Third, we need to train about other cultures. This training should be imparted not just with the Roshans, but also with the general new joining workforce as part of induction and orientation. At a time of increased competition, thanks to globalization and technology advancement, Organizations are opting for a diverse workforce for competitive advantage. Even at a national level, in a country like ours, we have a diverse workforce coming from different cultures and subsets with a healthy mixture of the male and female population. According to one report by Nasscom, the ratio is likely to be 65:35 (men: women) in IT. This ratio is reversed in the ITES-BPO sector, where the ratio of men to women is 31:69.
If that is the case, we should be cognizant of various shades of cultures and be sensitive to it. For e.g., even between the North and South Indians, or from metros and cities and those who are hailing from other parts, the way we greet, interact and appreciate each other differs. Therefore, what is accepted and what is not accepted has to be constantly embedded in their value system, as it will shape the framework of employee interaction.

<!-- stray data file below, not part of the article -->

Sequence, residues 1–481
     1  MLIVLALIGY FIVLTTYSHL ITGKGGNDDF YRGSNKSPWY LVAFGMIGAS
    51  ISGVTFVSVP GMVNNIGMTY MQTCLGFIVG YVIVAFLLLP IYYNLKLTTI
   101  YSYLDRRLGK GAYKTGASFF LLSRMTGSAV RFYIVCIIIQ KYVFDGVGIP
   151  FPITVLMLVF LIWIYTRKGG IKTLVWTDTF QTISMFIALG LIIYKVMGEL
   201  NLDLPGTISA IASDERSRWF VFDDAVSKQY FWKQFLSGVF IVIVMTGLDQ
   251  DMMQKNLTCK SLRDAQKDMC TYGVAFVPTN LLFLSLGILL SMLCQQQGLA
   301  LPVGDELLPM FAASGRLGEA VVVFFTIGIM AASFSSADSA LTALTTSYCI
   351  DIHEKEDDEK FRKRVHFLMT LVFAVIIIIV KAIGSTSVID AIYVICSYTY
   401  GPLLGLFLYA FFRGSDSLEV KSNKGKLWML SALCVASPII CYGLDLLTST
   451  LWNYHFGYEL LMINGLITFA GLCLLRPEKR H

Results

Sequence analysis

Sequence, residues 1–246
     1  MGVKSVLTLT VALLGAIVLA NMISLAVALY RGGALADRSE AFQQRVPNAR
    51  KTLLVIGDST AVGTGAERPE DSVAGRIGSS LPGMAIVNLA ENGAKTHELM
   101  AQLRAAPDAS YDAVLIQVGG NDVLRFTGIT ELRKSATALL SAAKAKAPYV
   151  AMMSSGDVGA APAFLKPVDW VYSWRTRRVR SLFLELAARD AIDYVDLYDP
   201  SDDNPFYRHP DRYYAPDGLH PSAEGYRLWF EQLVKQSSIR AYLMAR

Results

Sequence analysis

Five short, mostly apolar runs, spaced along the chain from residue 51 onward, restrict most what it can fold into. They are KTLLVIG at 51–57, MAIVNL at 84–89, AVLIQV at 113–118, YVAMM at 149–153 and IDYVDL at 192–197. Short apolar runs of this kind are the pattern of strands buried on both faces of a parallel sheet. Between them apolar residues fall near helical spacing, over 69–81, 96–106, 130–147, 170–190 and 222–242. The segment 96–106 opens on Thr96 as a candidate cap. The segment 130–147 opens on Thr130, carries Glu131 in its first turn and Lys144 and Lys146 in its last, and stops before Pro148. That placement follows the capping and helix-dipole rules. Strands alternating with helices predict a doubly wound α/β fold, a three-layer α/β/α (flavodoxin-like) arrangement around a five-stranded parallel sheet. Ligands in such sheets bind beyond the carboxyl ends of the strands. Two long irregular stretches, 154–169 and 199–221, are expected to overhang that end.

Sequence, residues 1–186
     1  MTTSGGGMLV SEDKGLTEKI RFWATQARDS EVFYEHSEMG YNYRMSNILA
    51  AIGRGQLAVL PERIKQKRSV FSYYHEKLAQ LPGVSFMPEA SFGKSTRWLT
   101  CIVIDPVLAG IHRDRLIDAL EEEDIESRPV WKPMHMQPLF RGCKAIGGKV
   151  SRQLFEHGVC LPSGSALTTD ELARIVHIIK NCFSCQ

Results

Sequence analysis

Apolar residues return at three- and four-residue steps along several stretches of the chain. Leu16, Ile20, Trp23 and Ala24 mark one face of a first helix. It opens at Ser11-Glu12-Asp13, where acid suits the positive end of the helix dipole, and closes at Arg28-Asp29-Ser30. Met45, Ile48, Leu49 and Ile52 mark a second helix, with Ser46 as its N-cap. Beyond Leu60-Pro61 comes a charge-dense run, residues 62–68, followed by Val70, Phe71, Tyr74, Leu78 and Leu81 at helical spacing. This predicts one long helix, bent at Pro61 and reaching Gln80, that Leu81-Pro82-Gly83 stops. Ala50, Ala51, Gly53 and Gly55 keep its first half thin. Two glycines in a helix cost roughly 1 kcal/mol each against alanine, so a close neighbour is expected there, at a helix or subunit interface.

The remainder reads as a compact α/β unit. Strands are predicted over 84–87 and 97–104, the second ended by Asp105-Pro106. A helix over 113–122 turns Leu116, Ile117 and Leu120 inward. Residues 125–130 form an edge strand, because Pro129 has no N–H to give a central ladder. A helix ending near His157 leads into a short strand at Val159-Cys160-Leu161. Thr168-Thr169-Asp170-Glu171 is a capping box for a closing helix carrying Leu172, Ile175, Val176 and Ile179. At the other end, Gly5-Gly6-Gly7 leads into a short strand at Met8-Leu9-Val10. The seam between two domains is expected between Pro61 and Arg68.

We need to ensure that everyone to see the co-worker with mutual respect and this support has to be ongoing, considering the natural attraction to the opposite gender.
It is given that, a Roshan club cannot be an answer for prevention of such unpleasant incidents, but it will definitely make a true difference in educating the Roshans of our workforce in conducting themselves through an appropriate behavior’ through awareness. It is our responsibility considering we have the largest youth population in the world. The median age in India is 27.6 years (compared to 37.9 years in the United States). With consistent efforts and the right governance, we can build a healthy progressive culture saving the Roshans of our organization!
I have jotted down few of my ideas in this article. I will truly value any comments or ideas from you. You can also write to me to my email, firstname.lastname@example.org